LONDON/ZURICH, Jan 10 (Reuters) - The former chief executive of UBS denied on Thursday he was at fault for failing to spot an "epic" interest rate scandal at the Swiss bank despite a former colleague admitting management negligence.
UBS was fined a record $1.5 billion last month for manipulating Libor interest rates, the latest in a string of scandals including a $2.3 billion rogue-trading loss and a tax avoidance row with the United States that have shredded the group's once venerable reputation.
Marcel Rohner said he was "shocked" and "ashamed" when he read about the rigging of Libor interest rates but he said during his period as CEO he was trying to save the bank from collapse and was unaware of the misconduct.
"I did the best I could," the Swiss national told a British parliamentary panel.
Rohner was CEO for 20 turbulent months between 2007 and 2009, when UBS repeatedly had to tap shareholders for cash as it amassed more than $50 billion in mortgage write-downs. He has not gone back to full-time work since.
Rohner, along with three other former UBS executives, admitted to the committee that they first heard about the bank's role in Libor manipulation in press reports in 2011 despite all four of them being in charge of the investment banking unit for part of the period when the rigging occurred.
Lawmakers blasted the four executives for "blissful ignorance."
"I'm struggling to see how something of this scale and this central was off radar," Susan Kramer, a member of the committee, said.
The British financial watchdog said interest rate rigging was so widespread at UBS that every submission it made over a six-year period from 2005 to 2010 inclusive was suspect.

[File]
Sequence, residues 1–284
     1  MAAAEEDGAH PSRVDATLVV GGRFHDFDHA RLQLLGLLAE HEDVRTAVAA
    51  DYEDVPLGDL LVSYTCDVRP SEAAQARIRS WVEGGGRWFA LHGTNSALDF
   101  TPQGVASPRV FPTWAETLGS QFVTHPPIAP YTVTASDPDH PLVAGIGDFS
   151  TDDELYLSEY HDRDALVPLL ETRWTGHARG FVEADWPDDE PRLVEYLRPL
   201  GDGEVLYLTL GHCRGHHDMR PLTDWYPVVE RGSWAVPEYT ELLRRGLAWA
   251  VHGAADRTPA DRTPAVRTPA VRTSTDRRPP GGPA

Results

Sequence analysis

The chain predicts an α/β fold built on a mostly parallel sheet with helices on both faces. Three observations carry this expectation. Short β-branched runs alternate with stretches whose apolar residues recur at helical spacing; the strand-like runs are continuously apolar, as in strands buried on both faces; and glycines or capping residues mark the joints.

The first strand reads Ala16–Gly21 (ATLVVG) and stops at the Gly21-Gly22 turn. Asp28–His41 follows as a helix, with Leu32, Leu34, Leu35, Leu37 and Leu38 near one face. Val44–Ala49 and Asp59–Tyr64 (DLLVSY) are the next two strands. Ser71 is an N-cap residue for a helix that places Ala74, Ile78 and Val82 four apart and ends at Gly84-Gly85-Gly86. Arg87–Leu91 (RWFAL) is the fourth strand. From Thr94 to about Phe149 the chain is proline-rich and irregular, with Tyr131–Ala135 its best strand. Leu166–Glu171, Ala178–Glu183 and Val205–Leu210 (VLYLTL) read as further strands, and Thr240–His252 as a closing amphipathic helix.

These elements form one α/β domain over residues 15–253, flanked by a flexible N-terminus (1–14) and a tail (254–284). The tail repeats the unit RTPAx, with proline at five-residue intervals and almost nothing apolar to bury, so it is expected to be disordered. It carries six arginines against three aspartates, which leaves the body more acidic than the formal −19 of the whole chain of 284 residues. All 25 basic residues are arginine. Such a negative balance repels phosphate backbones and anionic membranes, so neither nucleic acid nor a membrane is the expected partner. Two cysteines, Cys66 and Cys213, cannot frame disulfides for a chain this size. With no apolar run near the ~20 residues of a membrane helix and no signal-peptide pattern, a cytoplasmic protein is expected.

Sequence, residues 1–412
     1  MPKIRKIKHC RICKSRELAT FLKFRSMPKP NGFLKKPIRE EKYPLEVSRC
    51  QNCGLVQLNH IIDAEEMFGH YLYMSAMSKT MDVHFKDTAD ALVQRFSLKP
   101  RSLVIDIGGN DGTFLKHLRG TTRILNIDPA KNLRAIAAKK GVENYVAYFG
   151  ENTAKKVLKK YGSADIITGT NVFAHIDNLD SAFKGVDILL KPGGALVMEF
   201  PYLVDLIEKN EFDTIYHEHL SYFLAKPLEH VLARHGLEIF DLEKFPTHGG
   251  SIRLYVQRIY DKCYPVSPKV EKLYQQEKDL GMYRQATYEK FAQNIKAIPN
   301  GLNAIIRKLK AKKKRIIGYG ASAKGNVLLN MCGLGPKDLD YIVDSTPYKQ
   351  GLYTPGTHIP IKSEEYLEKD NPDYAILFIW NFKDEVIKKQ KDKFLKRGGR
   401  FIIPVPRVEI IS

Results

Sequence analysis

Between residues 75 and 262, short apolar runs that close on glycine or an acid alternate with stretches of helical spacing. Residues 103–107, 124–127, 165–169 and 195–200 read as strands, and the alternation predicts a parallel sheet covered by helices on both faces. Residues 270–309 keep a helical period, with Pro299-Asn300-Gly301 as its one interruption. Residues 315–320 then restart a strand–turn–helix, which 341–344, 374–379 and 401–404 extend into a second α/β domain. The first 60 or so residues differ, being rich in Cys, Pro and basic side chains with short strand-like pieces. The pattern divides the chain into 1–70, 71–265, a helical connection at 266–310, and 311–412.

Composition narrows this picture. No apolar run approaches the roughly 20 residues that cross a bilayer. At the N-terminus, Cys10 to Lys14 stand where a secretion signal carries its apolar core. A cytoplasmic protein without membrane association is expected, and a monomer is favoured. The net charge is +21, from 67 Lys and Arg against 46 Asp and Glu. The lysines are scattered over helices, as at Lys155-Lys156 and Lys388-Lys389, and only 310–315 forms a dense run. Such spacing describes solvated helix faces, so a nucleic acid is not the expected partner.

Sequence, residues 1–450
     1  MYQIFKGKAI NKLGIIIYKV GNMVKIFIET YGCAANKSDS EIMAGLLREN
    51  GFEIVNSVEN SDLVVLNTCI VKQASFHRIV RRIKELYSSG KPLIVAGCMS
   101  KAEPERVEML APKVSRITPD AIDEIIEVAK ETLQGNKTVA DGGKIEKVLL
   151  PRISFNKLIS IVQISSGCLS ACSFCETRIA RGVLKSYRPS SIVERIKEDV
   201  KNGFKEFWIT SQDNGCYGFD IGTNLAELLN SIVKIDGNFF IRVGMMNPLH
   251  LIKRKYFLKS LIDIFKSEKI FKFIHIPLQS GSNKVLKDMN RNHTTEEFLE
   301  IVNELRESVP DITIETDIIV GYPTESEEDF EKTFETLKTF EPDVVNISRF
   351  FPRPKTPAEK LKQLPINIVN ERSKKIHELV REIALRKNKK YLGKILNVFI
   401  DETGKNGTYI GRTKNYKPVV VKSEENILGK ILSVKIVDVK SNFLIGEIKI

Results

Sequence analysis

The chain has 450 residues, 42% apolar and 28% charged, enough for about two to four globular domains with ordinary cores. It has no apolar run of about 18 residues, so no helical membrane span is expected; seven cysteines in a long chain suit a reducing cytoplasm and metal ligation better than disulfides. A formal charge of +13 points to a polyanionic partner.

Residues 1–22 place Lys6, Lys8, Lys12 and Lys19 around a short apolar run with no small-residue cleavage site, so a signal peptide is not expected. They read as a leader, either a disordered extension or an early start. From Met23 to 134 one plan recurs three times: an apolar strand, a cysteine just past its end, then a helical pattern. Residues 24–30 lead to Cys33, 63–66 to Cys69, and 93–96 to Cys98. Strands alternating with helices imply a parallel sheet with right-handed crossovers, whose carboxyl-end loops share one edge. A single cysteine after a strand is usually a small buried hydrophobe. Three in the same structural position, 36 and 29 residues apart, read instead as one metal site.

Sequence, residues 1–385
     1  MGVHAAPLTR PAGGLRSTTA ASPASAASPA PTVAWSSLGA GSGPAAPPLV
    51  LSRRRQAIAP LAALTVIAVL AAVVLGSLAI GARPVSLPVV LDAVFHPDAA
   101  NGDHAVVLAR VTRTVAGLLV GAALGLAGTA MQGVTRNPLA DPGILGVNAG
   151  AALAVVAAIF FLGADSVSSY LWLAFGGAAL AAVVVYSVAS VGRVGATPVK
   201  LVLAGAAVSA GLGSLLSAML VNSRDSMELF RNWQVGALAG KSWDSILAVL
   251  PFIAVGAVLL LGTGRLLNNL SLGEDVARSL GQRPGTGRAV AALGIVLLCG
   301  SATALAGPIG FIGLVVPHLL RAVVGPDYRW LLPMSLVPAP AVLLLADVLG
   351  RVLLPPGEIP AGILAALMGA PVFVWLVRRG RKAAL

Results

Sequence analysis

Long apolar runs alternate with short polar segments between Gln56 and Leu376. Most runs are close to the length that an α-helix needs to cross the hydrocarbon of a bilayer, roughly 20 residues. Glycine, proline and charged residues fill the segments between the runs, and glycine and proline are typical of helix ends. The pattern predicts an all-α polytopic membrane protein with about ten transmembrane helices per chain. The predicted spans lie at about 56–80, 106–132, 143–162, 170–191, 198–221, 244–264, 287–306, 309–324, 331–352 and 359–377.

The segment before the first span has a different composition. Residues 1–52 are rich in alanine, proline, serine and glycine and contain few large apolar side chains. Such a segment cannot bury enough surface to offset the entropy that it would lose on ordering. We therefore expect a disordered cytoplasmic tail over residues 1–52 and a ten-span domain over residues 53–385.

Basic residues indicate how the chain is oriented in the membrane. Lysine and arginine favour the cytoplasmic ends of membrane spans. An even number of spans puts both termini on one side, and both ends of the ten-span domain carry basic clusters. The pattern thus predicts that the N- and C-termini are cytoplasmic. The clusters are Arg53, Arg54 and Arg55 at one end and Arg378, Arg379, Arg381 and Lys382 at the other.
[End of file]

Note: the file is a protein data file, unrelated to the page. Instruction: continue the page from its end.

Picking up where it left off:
Libor, the London interbank offered rate, is used as a benchmark for pricing trillions of dollars of loans. Even small inaccuracies in the rate affect investment returns and borrowing costs meaning that UBS and other banks implicated in the rigging scandal are at risk from civil lawsuits.
Under persistent questioning, Jerker Johansson, who headed the investment bank for just over a year from 2008, admitted that management had been negligent not to detect the misconduct.
Investigations by British, Swiss and U.S. regulators revealed interest rate manipulation on what the U.S. authorities called an "epic" scale. UBS brokers and managers conspired with brokers to rig the rates to make money and openly boasted about what they were doing in emails and electronic chatrooms. Five internal audits failed to detect what was going on.
More than a dozen banks are under investigation in the Libor probe and further settlements with regulators are expected this year. Barclays paid a fine of $453 million for its role in the interest rate manipulation last year.
Thomson Reuters, parent company of Reuters, has been calculating and distributing Libor rates for Libor's sponsor, the British Bankers' Association, since 2005.